Ramadan dramas in post-revolution Egypt
Thu, 16/08/2012 - 14:38

 

This Ramadan, several TV series discuss the 18 months that followed the 25 January revolution, which has stumbled out of direction. One of those series is “Firqet Nagy Atallah” (Nagy Atallah’s Brigade), starring superstar Adel Imam.

The series’ main point is to emphasize that Israel is the real enemy of the Egyptian people. What it aims to do is to overstate the power of the external enemy, and while doing so, it underestimates the internal threats to Egypt’s democratic transition.

That Israel is a prime enemy is unquestionably true, but we should not forget that a corrupt regime led by Hosni Mubarak and his mob was among the archenemies of Egyptians. We should also remember that there are other enemies who emerged from among the ranks of the security apparatus who tortured, suppressed and killed people. They shot them in the eyes and harassed girls and boys to punish Egyptians for carrying out a revolution against their oppressors, and to halt the revolution.

Those enemies also include the counter-revolutionary elements that ignited fires across the country, stirring up daily traffic, water, electricity and garbage issues. They also worked to exacerbate the breakdown of the security apparatus and created all the factors for chaos, inciting and deepening sectarian conflicts.

It is no secret that armed elements of the so-called deep state carried out a devious plot to foil the revolution, exploiting the technical and media cadres of Mubarak’s tottering regime. That scheme was most probably financed by businessmen who flourished under that corrupt regime. But the Ramadan drama of “Firqet Nagy Atallah” takes us back to decades of state propaganda that aimed at directing the nation’s anger toward Israel as the only real threat, while ignoring the crimes of Egypt’s authoritarian rule.

Another series that attempts to divert attention away from the internal enemies is “Al-Safaa” (The Slap). That series attempts to reinstitute confidence in the General Intelligence Services after it was accused of concealing information about the infamous Battle of the Camel and other plots to abort the revolution.   

“Taraf Talet” (Third Party) runs the same theme, this time featuring thugs and focusing on exposing their human side in an attempt to gain viewers’ sympathy and thus stimulate a nationwide historical amnesia by erasing all the crimes they committed against revolutionaries. Those paid thugs were instrumental in aiding state institutions of the police, army and media in suppressing the revolution.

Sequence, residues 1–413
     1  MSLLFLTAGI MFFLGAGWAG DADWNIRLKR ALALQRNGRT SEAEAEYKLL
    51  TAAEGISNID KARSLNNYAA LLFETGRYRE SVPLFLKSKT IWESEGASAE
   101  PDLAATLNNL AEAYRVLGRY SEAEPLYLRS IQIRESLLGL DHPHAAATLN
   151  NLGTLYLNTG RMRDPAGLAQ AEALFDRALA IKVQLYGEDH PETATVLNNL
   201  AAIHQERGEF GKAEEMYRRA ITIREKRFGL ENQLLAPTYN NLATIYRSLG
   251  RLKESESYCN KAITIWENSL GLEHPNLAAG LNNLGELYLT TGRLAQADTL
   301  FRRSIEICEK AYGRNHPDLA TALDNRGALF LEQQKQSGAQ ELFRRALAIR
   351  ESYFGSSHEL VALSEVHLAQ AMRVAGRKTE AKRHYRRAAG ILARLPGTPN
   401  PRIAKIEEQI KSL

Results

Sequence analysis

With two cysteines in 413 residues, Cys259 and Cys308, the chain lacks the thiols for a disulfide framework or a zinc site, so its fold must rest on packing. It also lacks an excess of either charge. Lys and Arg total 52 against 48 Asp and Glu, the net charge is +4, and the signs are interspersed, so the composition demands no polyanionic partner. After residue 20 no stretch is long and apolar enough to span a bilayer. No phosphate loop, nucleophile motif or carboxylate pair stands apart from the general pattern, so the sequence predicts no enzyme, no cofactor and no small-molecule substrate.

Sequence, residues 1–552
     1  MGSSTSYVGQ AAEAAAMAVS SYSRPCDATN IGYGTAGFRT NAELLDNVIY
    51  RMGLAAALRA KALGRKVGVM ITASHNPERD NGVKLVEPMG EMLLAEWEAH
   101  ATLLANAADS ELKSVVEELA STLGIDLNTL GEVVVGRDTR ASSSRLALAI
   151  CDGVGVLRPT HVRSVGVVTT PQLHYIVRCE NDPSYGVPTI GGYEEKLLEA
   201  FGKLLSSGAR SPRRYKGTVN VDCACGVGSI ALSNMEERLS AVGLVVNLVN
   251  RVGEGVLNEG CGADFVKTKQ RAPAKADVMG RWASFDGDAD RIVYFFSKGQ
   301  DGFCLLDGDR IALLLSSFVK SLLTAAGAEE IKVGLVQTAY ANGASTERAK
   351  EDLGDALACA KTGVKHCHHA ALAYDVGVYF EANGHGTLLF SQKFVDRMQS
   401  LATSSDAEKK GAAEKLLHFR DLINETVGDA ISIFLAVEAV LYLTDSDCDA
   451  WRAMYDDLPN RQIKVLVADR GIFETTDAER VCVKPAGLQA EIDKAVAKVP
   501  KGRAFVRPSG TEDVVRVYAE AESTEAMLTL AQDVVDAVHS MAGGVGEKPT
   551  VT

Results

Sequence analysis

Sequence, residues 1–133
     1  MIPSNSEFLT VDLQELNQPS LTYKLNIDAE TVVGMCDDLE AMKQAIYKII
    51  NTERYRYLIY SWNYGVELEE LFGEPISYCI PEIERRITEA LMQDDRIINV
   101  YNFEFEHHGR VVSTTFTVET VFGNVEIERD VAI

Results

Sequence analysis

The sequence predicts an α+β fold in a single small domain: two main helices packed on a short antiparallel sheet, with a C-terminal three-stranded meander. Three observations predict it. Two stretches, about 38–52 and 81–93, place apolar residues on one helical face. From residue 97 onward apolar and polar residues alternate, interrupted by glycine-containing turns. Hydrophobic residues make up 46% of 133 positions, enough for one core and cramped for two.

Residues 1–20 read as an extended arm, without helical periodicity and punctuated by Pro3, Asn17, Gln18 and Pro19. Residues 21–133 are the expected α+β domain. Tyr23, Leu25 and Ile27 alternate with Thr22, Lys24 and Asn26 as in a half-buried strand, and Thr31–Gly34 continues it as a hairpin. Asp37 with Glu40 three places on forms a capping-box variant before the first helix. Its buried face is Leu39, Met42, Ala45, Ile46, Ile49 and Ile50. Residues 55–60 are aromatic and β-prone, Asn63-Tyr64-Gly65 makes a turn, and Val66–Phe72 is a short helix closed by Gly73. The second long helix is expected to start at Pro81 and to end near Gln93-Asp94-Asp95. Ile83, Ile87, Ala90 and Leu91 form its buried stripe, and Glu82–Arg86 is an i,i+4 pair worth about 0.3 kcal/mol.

Paid thugs were employed by the deep state, specifically during the revolution, to kill the revolutionaries, harass them, tarnish their image and create a state of chaos to spread fear and place the blame on the revolution, turning the public against the revolutionaries.

 Throughout the “Taraf Talet” series, there is an attempt to pass on the idea that footage depicting members of the army committing violations against protesters were fabricated by “foreign powers” seeking to harm Egyptians and turn them against their military. Again, the conspiratorial theme of the foreign threat/enemy informs the direction of TV dramas this Ramadan.

 “Al-Baltagy” (The Thug) is another series that carries the same features of the aforementioned TV dramas. It hopes to present the human side of a baltagy to gradually eliminate the stigma attached to this livelihood.

In essence, there is nothing wrong with presenting the human side of a criminal or in producing a complex representation of this classification of baltagy, but the drama is alarming particularly because of the romanticization of thuggery. This romanticization could possibly manipulate the historical memory and narrative of the revolution — an issue that requires further investigation.

 But what we can be certain of is that more than LE1 billion has been spent to produce these Ramadan series, which calls into question the producers’ intention to influence the views of the audience and weave a particular historical narrative of the revolution. TV dramas are only a first step in shaping the nation’s history and memory, and the coming days will show how the new rulers in Egypt will attempt to impose their own narrative, in which political Islam will play an important role.

Ahmed Zakaria is a political activist.

Translated by Dina Zafer.

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